When I wrote that I was 30 years old, living with my parents, unemployed, all my hopes and dreams had stalled. I had become so frustrated with the frustrations I stopped fighting to keep up appearances. Moved to the mountains where there was beauty and time to be found.  I wrote this after a year there, when God’s work was still much more about breaking me down than finding light and progress.  I was reformed in the forest, in the midst of having to come to terms with my own self, finding who God wanted me to be more than focused on what I wanted to do. I had to let go my calling in order to find my becoming. It wasn’t a quick journey, full of promise and discouragement, glimpses of progress and awareness of deep deficiency.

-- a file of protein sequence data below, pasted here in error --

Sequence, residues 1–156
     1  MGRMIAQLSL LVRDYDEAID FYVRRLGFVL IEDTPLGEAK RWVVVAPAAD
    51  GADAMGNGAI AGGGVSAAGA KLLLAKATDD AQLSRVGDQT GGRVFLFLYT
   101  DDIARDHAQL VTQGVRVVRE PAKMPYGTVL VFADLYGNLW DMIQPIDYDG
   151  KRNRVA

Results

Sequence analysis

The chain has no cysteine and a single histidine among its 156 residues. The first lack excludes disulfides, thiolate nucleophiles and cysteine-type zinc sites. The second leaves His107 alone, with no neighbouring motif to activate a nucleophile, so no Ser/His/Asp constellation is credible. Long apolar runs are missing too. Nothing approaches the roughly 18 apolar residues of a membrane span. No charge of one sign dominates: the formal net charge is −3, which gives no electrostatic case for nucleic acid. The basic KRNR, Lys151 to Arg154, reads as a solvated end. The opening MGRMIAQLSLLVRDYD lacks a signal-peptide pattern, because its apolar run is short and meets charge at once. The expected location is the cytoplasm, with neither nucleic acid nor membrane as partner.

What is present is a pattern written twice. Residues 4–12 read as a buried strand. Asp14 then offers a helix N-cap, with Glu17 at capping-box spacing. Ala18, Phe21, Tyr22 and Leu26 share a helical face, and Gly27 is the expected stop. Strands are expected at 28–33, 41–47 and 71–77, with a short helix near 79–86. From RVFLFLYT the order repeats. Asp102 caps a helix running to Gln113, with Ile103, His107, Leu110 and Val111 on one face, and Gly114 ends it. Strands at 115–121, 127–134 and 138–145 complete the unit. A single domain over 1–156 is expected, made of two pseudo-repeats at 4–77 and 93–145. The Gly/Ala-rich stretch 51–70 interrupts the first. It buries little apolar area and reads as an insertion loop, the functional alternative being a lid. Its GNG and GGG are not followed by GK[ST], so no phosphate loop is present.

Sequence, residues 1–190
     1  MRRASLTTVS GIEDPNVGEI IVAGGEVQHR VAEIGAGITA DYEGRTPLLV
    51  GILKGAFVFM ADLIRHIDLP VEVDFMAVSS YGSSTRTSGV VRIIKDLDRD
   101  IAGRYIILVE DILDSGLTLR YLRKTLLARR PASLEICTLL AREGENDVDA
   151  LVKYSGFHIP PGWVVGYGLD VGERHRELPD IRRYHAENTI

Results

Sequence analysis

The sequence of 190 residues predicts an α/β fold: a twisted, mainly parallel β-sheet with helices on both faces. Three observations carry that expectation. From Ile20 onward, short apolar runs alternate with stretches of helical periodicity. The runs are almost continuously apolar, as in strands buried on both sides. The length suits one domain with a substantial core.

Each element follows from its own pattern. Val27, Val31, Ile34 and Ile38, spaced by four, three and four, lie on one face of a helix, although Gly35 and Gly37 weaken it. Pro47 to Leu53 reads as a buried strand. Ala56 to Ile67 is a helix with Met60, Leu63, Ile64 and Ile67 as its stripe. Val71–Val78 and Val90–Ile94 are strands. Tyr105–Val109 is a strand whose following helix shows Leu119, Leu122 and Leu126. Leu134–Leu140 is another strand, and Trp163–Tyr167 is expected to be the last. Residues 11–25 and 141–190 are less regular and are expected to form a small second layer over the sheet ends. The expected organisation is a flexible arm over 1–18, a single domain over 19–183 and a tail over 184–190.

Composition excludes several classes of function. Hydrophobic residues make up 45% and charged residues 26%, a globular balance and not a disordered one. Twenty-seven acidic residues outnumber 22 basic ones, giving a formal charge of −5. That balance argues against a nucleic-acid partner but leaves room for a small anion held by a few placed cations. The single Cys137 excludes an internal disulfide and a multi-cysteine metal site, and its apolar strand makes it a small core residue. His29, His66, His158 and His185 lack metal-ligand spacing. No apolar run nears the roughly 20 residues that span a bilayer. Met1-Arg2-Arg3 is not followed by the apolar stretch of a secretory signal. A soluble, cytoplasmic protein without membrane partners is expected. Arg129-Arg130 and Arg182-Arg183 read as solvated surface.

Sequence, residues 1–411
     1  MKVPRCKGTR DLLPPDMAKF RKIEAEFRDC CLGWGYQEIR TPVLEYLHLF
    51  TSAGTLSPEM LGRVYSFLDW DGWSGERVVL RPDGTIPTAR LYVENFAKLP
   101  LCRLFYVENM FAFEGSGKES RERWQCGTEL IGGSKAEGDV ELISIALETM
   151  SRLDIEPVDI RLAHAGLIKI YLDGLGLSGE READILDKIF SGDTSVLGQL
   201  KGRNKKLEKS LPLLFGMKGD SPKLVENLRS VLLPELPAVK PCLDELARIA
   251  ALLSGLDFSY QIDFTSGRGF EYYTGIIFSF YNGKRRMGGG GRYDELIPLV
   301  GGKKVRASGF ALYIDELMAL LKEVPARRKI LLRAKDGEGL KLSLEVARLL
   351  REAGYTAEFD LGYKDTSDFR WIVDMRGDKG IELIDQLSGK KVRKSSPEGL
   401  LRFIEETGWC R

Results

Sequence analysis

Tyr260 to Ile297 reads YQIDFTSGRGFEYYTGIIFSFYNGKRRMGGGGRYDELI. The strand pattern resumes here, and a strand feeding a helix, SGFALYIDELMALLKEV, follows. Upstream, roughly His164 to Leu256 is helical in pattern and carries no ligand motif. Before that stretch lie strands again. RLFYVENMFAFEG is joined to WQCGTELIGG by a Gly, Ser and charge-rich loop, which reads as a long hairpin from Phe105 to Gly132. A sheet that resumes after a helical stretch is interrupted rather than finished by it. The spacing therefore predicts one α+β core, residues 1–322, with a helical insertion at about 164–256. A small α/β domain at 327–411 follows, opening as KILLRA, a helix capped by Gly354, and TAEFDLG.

It was hard to find hope in the midst of nothingness.  I am glad I listened to words of faith and of the whispering promise of redemption and renewal.

It was indeed precisely the course I was supposed to take, though circuitous and uncertain.

A good reminder as I continue to journey into the fog-filled path ahead.  Even as my current path has much less of the loneliness and much more of the two-year old clamoring in the background, “I don’t want to.” I know the feeling, Oliver.  But we do it anyhow.

Hope is not a privilege, it is a calling.  It is the daily step, the “forgetting what is behind and pressing toward what is ahead” because that is the way of life.

Ignore anyone who preaches despair to the broken and hopelessness to the outcast. They don’t know what they’re talking about.